Concetta,

I finally submitted my application yesterday and had a question for you. I am allergic to bee stings and I’m having a hard time finding any information on what the ramifications may be for this condition when I face medical evaluations and/or placement concerns. I have heard that I will be probably be disqualified from serving in Sub Saharan Africa and other places. Just wondering whether you may be able to provide any insight in my chances or if you ever came across someone in the same situation while you were a recruiter. Thanks for any help you may be able to provide.

WJC

Hi there WJC.,

First, Congratulations on submitting your application. You are ON YOUR WAY!! You also happen to have highlighted one of the most talked about, confusing and sometimes contentious aspects of becoming (and being) a Peace Corps Volunteer….. The Medical Evaluation.

Let’s set the stage… remember the two truisms about Peace Corps 1) Peace Corps only goes where it is requested and 2) Volunteers only do that which they are asked to do- in other words, the US does not send “development swat teams” in to unsuspecting countries to decide what would be “best” for said country’s improvement.   Like most things Peace Corps, there is a third truism- Peace Corps can only send you where you are medically qualified to serve.

This is where the difficulty begins. If you grew up in the States, you are used to a world of a cure for what ails you- a pill for this, an epi pen for that.  While many countries where volunteers serve have very good medical systems, unless Peace Corps can be certain that the country requesting your skill set can support your medical condition, they can’t- in good faith- let you get on the plane.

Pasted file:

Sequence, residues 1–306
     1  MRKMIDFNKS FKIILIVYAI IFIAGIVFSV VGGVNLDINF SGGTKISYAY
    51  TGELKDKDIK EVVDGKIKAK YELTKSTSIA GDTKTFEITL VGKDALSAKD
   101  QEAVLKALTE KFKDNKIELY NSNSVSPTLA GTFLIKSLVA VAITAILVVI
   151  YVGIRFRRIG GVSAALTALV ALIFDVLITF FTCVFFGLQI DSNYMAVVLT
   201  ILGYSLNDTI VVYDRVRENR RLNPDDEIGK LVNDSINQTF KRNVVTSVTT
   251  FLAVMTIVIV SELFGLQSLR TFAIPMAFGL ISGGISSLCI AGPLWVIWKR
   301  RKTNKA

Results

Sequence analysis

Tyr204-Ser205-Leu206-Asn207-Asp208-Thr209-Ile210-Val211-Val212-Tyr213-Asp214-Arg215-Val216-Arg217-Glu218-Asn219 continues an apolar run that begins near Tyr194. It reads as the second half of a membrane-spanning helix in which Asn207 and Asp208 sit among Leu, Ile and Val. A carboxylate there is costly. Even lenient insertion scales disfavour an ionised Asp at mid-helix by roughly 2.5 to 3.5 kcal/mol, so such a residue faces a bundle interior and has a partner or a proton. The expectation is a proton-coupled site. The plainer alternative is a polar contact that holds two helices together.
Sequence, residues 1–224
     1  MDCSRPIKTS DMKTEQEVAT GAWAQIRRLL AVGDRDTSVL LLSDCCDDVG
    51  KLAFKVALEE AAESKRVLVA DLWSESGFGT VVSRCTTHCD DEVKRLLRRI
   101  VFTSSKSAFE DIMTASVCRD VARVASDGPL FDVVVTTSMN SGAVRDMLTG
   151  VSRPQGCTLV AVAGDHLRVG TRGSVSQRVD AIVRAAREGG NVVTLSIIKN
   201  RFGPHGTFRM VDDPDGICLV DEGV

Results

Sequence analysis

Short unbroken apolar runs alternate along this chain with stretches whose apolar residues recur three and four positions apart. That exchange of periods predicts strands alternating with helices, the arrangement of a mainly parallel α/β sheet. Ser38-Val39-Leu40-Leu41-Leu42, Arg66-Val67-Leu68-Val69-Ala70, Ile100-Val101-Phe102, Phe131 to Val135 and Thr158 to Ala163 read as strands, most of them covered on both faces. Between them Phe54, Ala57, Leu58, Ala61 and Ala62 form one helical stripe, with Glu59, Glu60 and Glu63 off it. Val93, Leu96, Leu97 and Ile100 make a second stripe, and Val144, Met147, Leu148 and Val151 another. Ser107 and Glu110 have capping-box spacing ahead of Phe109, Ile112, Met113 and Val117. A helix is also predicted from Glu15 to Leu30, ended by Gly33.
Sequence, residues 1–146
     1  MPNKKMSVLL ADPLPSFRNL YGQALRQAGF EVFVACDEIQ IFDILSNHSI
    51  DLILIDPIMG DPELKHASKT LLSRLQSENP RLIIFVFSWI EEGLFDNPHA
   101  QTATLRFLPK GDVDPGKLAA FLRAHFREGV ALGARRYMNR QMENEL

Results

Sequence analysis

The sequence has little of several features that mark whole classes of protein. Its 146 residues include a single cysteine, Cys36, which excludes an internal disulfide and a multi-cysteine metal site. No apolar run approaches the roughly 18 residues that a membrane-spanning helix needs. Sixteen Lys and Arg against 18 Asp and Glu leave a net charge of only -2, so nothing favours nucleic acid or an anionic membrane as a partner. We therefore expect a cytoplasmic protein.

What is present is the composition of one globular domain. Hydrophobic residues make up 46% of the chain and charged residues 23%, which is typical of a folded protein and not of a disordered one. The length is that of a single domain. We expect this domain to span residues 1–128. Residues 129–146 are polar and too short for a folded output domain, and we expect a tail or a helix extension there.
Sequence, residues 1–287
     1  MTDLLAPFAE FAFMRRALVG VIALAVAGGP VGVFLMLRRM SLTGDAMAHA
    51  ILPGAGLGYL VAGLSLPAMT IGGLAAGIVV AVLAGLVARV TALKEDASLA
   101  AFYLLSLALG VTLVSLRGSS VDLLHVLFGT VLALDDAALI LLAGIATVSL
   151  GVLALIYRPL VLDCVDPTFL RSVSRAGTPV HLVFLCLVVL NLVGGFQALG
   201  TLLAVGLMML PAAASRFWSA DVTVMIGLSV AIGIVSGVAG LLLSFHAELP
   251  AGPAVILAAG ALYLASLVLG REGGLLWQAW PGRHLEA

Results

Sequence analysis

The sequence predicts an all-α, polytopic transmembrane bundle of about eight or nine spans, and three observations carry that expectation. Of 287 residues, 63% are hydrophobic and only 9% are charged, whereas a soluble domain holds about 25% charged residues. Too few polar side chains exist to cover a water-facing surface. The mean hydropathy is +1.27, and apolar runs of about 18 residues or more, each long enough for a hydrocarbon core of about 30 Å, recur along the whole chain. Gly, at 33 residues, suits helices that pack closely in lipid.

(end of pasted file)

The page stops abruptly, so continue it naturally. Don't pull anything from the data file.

Does this mean that you can’t become a volunteer? Absolutely NOT.  It does however mean that it might take you a little longer and you might have to broaden your horizons on where you’d like to serve (remember that my advice is to be as broad as possible in this category to give yourself the best chances you can).

Let me tell you 3 quick things (see there’s the 3 thing- it’s contagious after a while).

1) When I arrived in Bangkok to begin my Peace Corps service we were sitting around in the hotel getting to know one another and somehow, someone brought up their asthma. I said “Hey I have asthma too- pretty mild, but I do have it” and the person next to me said “Me too.” So sort of as a joke someone else said “Hey if you have asthma raise your hand!” And well over half the people in the room shot up their hands.  We joked that PC Thailand must have been the ‘Asthmatics R Us” country… and trust me, it wasn’t due to the stellar air quality in Bangkok- it was because Thailand has one of the best medical systems in Southeast Asia and was well equipped to deal with volunteers with Asthma.

2) Peace Corps is an agency of the Federal Government and as such is subject to the American’s with Disabilities Act. That means that they must make a very strong effort to reasonably accommodate all sorts of medical situations.  When I was a recruiter, I placed plenty of people with allergies (food allergies, animal allergies, seasonal allergies), asthma, other conditions requiring medicine as well as a few hearing impaired folks. So it can and does happen.

3) Finally, unless it is coming out of the mouth of a Peace Corps medical evaluator, don’t believe what you hear. If you talk to any recruiter and lots of current and former volunteers, they all probably have a “war story” about dealing with the medical evaluation- and most are probably true. There are thousands and thousands of applicants and trying to make sure each is medically qualified and  technically skilled to serve in X country is sort of like a GRE question on steroids. It gets confusing, people get rigid, and sometimes you need a second opinion.  But here’s the thing- in all of my years as a recruiter I never (ever) thought it was a good idea to “go to the mattresses” to send an applicant to a country that wasn’t equipped to deal with this or her particular medical issue.  Remembering that the medical team is there to help you become a volunteer and STAY a healthy volunteer can really help with the process.

You are on your way and definitely keep me posted!

Concetta